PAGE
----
Can Global Warming be Limited to a Maximum of 2oC ?

One of the great scientific myths of this century is that there exists a large number of “magical” solutions to the climate problem that would limit global warming to less than 2oC using technologies that are currently available and economically feasible if only the political will existed to implement those technologies on a massive scale.  Within the last six months, the scientific and engineering community has begun to openly express doubts as to the feasibility of virtually all of these “magical” solutions. [In fairness, many people within the scientific and engineering communities have long harbored doubts concerning the feasibility of the 2oC objective but have hesitated , for a variety of reasons, to openly express those doubts .]

Magical solutions to the climate/energy crisis fall into two general categories.

The first category of magical solutions is generally referred to as the “100% Renewables by 2050” category, or sometimes as the “Wind, Water and Solar” (WWS) category.   Climate solutions in this category completely phase out fossil fuel use for all purposes (electrical power, transportation, heating/cooling,etc) by mid-century and replace them with wind, water, and solar.  Most solutions in this category also completely eliminate the use of nuclear power.  They all envision historically unprecedented improvements in energy efficiency in housing, commerce and industry.

The second category of magical solutions involves emission pathways which permit the 2oC carbon budget to be exceeded in the first half of this century and then, during the second half of the century, rely on the rapid deployment of so-called “Negative Emissions Technologies” or NETs to remove the excess C02 from the atmosphere.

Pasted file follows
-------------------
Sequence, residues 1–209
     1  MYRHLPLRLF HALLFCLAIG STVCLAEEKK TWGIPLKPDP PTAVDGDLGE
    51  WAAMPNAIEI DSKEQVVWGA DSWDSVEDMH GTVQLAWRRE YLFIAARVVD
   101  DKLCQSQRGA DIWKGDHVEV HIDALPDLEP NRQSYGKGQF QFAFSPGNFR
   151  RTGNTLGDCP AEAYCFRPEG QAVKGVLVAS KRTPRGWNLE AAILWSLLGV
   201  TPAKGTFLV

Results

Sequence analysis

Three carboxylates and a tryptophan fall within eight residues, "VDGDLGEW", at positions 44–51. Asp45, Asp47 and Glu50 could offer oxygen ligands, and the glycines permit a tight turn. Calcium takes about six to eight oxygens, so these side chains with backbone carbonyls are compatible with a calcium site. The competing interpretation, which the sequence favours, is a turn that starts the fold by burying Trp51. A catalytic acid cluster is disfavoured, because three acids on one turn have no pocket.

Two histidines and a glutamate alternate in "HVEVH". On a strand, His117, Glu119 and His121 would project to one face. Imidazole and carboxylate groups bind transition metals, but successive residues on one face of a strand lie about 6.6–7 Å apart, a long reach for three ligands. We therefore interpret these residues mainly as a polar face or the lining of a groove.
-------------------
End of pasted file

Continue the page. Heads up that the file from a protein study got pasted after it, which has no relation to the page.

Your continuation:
One of the first to publically and unequivocally state that the 2oC objective is unobtainable was Oliver Geden, who is head of the EU Research Division at the German Institute for International and Security Affairs.  In a paper published in the journal Nature in May of this year he writes,

“The climate policy mantra – that time is running out for 2oC but we can still make it if we act now – is scientific nonsense.  Advisors who shy away from saying so squander their scientific reputations and public trust in climate research”.

He goes on to state,

“Scientific advisers should resist the temptation to be political entrepreneurs, peddling their advice by exaggerating how easy it is to transform the economy or deploy renewable technologies, for instance.”

Another outspoken advocate for a more realistic assessment of climate change mitigation is Kevin Anderson, deputy director of the Tyndall Centre, the UK’s leading academic climate change research organization.  In a paper published in the December 2015 issue of Nature Geoscience, he states,

“Delivery of palatable 2oC mitigation scenarios depends on speculative emissions or changing the past.  Scientists must make their assumptions transparent and defensible, however politically uncomfortable the conclusions”.